Analysis: Non-event sends out the wrong message

Same-sex marriage was always going to be an extremely tricky issue for the SNP. In fact, the moral minefield surrounding the issue makes it difficult for most political parties.

One just has to look south of the Border, where David Cameron is facing back-bench pressure from those Tories who object to his plans to recognise gay weddings.

For Alex Salmond, the pressures are slightly different. It is clear the same-sex marriage bill has enough MSP support (from all parties) to get through Holyrood.

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There are, however, vocal objectors – in particular the Catholic Church. The SNP has assiduously wooed the Catholic vote in the west of Scotland. It is a tactic that paid off handsomely in the 2011 election.

There is also the fact that one of the SNP’s most generous donors, Sir Brian Souter, was a prominent figure in the Keep the Clause campaign of a decade ago, which fought to retain the Section 2A legislation that forbade the promotion of homosexuality in the classroom. But so far Sir Brian has studiously maintained his silence over this issue.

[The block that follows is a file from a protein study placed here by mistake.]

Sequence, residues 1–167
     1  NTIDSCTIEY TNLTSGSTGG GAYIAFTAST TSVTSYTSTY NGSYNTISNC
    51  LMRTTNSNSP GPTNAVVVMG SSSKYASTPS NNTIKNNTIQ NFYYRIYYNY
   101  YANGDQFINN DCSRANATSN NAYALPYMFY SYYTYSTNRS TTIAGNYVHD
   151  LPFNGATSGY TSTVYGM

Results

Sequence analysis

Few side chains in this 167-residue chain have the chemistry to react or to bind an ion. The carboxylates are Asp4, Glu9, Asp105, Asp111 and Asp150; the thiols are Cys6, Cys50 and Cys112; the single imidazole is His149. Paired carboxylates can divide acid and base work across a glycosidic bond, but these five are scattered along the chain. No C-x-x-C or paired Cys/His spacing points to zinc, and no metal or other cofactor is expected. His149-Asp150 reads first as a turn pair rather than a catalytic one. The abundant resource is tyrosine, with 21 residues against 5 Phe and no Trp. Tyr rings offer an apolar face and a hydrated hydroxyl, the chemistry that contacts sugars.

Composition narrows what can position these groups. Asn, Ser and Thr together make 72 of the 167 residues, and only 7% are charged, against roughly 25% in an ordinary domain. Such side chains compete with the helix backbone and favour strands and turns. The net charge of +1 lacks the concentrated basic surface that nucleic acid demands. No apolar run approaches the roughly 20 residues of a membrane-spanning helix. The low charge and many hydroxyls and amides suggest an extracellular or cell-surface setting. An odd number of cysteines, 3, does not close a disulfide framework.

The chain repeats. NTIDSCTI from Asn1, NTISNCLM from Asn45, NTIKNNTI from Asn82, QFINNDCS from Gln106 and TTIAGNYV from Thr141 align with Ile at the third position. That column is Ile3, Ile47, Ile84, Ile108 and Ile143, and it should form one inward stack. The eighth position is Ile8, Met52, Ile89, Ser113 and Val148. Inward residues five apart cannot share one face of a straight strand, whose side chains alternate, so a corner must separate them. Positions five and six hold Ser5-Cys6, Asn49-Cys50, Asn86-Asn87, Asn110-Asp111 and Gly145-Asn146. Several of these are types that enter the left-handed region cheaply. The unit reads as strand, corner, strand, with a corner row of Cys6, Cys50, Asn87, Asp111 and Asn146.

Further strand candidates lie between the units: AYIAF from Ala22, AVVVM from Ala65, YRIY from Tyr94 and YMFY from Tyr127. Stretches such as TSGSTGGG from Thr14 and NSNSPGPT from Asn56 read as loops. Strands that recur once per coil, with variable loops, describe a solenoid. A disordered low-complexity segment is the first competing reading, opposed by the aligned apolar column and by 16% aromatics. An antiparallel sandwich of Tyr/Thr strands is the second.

For those reasons, it is a smart move for the government to declare that MSPs will have a free vote on gay marriage if and when a bill reaches parliament.

Yesterday’s announcement that the government will not meet the Church’s demands for a referendum will provide some succour to the many SNP MSPs who believe a modern Scotland should recognise same-sex marriage. But at the same time theywill be dismayed by yesterday’s non-event.

Ministers have had seven months to consider the issues. As far as those who believe in same-sex marriage are concerned, yesterday’s prevarication sends out the wrong message at a time when the SNP could be setting the agenda across the UK.

The momentum in favour of same-sex marriage is almost unstoppable, and any attempt to slow down would damage the government’s reputation.